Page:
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Roger L. Simon

Government Surveillance: the View from Misgav Am

June 9th, 2013 - 11:07 pm

The Shiite village houses, it was explained to me, had no glass in their windows, the better to get their weapons out fast to fire at the Israelis. Who wants the inconvenience of glass between you and the despised enemy? No matter that it snowed in winter in this part of Galilee. Hate is hate.

I’ll take the risk of being obvious and say, when you’re in Israel, you’re never very far from global conflagration. The number of religious lunatics out there is staggering. The Tsarnaev brothers may have been closer to the rule than the exception.

So we are in a serious conundrum. Much as our civil liberties are precious, so are our lives. And so is the civilization that preserves our freedoms. Ironically, as technology advances, we may depend more than ever on the morality and good judgement of our leaders.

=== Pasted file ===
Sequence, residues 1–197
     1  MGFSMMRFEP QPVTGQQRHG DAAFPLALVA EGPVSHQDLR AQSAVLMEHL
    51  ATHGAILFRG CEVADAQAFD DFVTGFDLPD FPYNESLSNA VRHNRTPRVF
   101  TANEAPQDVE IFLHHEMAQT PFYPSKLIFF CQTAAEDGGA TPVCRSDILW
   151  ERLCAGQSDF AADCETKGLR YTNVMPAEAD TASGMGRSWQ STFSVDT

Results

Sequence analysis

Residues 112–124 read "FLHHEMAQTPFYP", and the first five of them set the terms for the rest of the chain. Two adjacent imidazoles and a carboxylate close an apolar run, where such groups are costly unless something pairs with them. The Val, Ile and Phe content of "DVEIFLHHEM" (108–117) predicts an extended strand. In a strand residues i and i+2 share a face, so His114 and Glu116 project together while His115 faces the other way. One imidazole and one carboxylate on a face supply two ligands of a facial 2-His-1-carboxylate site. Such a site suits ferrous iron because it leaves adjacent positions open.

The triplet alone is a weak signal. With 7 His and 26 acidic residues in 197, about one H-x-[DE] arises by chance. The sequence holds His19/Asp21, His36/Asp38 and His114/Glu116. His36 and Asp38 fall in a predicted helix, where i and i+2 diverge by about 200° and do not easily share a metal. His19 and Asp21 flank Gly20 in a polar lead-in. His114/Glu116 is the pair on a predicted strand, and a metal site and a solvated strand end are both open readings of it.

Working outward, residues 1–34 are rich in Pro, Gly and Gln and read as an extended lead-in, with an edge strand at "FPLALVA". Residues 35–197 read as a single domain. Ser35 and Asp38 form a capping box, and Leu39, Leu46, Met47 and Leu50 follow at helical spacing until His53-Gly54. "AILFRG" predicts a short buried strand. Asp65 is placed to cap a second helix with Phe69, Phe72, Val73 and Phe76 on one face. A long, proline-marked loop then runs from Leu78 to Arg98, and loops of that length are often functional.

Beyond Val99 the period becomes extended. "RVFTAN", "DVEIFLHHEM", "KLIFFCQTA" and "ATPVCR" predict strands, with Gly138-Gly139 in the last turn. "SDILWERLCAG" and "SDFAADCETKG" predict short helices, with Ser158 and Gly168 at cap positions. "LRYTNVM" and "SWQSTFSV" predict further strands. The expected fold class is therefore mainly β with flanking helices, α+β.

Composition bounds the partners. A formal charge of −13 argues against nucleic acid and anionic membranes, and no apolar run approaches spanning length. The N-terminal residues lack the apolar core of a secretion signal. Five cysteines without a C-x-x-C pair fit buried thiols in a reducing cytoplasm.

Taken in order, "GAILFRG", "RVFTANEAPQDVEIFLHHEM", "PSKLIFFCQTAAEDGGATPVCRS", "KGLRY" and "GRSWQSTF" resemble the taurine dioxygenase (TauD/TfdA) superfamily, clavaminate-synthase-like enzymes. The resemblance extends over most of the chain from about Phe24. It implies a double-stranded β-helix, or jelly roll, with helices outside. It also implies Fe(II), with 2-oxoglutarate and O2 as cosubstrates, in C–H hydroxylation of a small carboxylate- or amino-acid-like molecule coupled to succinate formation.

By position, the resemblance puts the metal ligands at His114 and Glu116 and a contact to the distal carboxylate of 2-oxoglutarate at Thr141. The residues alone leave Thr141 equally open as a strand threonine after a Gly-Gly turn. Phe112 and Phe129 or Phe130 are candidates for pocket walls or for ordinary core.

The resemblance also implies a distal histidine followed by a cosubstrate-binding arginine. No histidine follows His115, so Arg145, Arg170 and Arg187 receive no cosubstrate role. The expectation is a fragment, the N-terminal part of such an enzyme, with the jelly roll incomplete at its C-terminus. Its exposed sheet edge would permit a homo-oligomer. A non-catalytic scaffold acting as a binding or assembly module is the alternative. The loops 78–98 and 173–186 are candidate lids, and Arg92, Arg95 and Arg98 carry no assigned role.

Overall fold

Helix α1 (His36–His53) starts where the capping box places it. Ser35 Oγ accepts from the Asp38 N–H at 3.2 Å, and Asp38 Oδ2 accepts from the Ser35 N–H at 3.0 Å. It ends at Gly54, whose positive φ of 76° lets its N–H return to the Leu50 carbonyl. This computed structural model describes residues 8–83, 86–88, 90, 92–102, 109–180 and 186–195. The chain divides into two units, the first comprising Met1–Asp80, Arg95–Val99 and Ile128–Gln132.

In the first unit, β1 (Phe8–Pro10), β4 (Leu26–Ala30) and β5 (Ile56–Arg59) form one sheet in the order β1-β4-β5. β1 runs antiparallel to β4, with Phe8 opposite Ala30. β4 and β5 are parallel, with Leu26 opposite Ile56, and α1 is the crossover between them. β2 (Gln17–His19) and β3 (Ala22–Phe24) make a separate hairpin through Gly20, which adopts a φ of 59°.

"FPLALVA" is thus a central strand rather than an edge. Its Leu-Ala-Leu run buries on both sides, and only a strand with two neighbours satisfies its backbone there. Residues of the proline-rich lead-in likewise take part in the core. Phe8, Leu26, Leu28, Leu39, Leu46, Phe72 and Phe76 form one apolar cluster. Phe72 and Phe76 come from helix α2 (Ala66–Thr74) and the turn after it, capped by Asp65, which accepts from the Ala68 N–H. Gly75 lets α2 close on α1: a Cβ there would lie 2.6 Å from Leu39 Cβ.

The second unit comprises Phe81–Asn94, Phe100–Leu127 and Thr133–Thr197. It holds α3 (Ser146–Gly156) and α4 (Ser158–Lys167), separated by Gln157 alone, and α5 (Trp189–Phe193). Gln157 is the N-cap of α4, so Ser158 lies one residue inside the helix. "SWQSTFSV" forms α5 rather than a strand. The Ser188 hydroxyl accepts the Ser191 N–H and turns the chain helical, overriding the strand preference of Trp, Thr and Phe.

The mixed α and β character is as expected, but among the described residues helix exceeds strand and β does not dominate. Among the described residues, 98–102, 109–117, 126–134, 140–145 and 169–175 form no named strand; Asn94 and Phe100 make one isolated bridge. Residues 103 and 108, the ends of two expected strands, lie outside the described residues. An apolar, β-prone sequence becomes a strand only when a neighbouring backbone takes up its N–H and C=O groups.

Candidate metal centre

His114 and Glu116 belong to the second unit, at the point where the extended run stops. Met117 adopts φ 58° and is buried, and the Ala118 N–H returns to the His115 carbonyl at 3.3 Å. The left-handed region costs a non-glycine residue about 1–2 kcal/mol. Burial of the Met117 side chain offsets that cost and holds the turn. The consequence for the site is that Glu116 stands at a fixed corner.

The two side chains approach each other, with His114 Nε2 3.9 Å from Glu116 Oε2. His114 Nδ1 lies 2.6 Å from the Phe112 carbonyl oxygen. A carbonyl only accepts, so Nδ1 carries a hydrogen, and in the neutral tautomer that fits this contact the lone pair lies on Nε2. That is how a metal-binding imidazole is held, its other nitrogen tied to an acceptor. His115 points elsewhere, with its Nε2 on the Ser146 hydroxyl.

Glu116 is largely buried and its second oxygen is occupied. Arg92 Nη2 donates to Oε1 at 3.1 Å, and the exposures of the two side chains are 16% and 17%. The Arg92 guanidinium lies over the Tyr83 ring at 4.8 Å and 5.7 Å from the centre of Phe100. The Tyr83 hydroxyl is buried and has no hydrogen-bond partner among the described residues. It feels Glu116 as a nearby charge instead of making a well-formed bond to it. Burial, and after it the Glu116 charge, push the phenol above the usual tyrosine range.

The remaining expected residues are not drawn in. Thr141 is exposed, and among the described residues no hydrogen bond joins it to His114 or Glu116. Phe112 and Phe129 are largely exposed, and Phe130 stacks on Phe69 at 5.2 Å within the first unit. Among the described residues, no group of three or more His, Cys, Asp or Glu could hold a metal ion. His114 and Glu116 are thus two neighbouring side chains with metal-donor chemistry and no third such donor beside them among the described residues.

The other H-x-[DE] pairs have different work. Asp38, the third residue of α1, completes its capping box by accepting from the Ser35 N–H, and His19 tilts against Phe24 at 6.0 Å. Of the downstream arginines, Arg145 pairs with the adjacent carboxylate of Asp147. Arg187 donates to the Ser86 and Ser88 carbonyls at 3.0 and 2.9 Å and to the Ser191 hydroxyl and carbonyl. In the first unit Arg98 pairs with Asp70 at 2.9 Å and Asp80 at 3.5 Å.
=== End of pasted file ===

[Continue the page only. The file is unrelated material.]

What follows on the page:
Recent events have shown Barack Obama not to be strong in those areas — to put it mildly. Unfortunately, however, few politicians are. And it is extremely difficult to know in advance who will be until they have been tested. As with the case when we send emails with private information, we may simply have to hold our noses and go forward.

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Top Rated Comments   
All we need to know about how much trouble we are in is that Obama was able to defuse the hole episode by telling the MSM that "no one is going to read your emails or listen to your phone calls"

Well Mr. Superstrawman strikes again. As if that is the problem. Did any of the Rhodes scholar reporters and news anchors do a quick mental calculation of how many government workers it would take to do that anyway? The problem is that when someone who might get in the way of the regime's agenda comes into focus . . That is when they read the emails and listen to the phone calls. And this will be done by a much smaller group - probably those re-assigned from the Cincinnati IRS office.